Billionaire's Bigger Stake in Australian Salmon Producer May Stand in Way of JBS Takeover
(Bloomberg) -- JBS SA’s plan to acquire Australia’s Huon Aquaculture Group may be under threat after mining magnate Andrew Forrest amassed a stake large enough in the salmon producer to potentially block the deal.
Forrest and his family office increased their holding in Sydney-listed Huon to 18.5% from 7.3%, according to an exchange filing Wednesday. The investment underscores the progress Huon has made in improving environmental practices in an industry with a “dreadful” reputation, Forrest said in an interview.
The move could challenge JBS’s plan to acquire Huon as a way to expand into the fish business. The Sao Paulo-based meat giant announced the $314 million deal last week, saying it has the backing of the majority shareholders and is set to be completed by year-end following approval by Australian authorities.
“We were always happy to continue investing in Huon,” Forrest told Bloomberg News. “When JBS came in, it accelerated the urgency because we know JBS -- because we’re in the cattle industry.”
Known as the billionaire founder of iron ore giant Fortescue Metals Group, Forrest has become increasingly active in agribusiness in recent years, buying pastoral stations and one of Western Australia’s biggest meat processors, Harvey Beef. With a PhD in marine science, he’s also made a push into aquaculture, acquiring oyster farming operations in Albany, Western Australia, last year and focusing much of his foundation’s work on ocean conservation, tackling issues like overfishing and plastics pollution.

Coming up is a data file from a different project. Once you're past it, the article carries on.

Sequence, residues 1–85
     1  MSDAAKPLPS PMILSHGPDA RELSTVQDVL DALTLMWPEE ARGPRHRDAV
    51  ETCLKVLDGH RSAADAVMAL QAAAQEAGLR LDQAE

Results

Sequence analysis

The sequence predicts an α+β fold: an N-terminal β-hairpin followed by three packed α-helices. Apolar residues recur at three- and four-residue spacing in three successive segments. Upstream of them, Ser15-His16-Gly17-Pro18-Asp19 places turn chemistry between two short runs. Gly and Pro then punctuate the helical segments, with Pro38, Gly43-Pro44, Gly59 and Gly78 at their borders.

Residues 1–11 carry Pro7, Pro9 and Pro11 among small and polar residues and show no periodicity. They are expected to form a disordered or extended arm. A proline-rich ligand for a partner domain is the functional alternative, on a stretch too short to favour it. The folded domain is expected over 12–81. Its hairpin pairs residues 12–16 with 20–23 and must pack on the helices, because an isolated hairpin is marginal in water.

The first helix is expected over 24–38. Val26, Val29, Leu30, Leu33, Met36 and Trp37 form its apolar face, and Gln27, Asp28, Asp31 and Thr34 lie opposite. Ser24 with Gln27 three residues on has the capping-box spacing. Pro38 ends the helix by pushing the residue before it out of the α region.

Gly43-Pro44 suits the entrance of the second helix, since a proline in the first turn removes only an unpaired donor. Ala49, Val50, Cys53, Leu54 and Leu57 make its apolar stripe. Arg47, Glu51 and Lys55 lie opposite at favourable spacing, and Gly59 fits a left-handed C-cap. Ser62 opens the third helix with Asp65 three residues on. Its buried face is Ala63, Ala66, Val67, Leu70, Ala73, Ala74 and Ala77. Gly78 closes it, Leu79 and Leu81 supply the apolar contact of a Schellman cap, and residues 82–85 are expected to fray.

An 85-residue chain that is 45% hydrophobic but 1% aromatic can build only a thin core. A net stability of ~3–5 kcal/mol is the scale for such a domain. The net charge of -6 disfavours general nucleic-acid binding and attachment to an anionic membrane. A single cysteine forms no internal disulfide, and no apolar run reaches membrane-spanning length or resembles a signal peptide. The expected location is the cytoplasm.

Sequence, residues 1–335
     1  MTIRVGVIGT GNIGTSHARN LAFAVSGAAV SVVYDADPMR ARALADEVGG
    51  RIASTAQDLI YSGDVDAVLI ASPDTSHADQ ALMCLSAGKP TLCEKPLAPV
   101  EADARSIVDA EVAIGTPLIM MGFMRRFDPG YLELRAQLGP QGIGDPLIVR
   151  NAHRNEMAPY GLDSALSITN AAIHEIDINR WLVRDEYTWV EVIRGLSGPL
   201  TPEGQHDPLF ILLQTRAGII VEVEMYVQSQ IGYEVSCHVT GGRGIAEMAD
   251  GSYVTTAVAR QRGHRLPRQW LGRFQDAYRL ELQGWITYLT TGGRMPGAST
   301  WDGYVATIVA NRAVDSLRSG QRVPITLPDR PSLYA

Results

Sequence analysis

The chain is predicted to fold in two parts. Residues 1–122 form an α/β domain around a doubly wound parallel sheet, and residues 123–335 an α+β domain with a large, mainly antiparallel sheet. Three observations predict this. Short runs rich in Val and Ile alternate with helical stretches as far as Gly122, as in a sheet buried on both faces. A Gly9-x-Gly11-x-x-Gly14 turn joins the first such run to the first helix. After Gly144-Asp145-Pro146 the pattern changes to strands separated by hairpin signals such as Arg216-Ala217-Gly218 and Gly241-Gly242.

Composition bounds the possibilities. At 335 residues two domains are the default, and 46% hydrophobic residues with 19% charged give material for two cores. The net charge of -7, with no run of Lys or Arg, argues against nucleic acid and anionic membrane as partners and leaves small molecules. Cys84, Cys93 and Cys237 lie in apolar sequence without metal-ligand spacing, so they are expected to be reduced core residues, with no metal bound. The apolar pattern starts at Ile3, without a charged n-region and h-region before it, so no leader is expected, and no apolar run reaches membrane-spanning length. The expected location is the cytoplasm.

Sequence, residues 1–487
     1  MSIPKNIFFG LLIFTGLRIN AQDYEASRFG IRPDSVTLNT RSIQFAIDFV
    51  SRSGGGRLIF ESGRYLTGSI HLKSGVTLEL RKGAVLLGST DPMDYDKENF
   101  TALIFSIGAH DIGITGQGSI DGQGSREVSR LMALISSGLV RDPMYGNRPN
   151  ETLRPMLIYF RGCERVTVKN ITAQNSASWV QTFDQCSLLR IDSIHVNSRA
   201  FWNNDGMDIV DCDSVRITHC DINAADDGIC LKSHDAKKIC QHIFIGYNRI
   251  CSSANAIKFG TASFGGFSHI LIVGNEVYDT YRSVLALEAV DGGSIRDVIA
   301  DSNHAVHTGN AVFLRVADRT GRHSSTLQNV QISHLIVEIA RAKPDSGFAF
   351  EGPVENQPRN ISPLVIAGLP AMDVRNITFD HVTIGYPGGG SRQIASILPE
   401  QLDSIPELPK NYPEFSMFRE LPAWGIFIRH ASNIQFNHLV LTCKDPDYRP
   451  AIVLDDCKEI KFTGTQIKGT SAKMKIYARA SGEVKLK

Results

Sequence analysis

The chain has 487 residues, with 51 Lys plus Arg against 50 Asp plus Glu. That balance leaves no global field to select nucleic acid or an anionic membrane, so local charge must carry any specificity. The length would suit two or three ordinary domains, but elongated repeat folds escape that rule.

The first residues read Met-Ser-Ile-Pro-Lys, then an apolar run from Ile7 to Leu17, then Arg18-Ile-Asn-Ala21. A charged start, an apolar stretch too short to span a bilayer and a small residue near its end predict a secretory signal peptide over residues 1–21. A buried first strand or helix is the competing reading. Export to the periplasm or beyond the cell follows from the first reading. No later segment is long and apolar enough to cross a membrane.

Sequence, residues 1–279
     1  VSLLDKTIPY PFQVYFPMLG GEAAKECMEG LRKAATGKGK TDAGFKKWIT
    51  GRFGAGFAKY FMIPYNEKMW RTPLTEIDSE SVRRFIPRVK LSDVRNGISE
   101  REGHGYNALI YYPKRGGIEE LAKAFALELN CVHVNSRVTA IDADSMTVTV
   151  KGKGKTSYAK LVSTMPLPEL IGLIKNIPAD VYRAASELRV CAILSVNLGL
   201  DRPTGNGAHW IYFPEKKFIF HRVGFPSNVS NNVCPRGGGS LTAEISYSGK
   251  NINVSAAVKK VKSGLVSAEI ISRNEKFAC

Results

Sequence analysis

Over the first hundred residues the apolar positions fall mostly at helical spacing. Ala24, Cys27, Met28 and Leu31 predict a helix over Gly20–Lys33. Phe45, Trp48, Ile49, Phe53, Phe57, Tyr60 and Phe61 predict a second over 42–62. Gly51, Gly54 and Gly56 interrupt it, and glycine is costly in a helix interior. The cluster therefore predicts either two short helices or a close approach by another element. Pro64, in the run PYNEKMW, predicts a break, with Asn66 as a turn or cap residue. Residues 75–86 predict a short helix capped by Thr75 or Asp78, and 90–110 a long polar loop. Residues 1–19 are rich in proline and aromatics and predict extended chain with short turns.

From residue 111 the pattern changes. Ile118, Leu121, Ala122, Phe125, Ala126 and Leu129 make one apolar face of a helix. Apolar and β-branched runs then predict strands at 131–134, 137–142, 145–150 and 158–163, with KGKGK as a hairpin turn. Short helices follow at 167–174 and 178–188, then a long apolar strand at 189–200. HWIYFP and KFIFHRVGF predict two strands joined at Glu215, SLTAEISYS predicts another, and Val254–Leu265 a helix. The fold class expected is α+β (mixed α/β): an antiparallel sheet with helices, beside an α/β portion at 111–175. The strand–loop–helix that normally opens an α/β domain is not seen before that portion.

Forrest wants JBS to commit to improved environmental and animal husbandry standards, both in salmon farming and in JBS’s extensive meat farming operations. In a statement issued by his family investment fund Tattarang Pty, he highlighted steps the new ownership of Huon should undertake in pursuit of sustainable salmon farming practices.
These include the replacement of fish from fishmeal, moving to completely carbon neutral production and applying leading animal welfare standards and practices, according to the statement.
‘No Pain, No Fear’
“There’s so much more to the food industry than just making a dollar,” Forrest said by phone. “If your top priority is not animal welfare, ‘no pain, no fear,’ or equal top priorities with the environment, then we challenge you to make it so,” he said, adding that those considerations weren’t mentioned in the 138-page scheme of arrangement document.
JBS Australia Chief Executive Brent Eastwood responded to Forrest’s investment in Huon, saying that the company shares Tattarang’s views that “good business must also be good for the environment.” JBS will provide details on its commitment to animal welfare and environmental sustainability to all Huon shareholders when the scheme materials are released, Eastwood said.
Currently, one of the problems with fish farms is that they consume more fish than they produce, Forrest said.
“That has to completely stop if fish farming is going to be an alternative to wild caught fish, which is a very unsustainable way to go,” he added.
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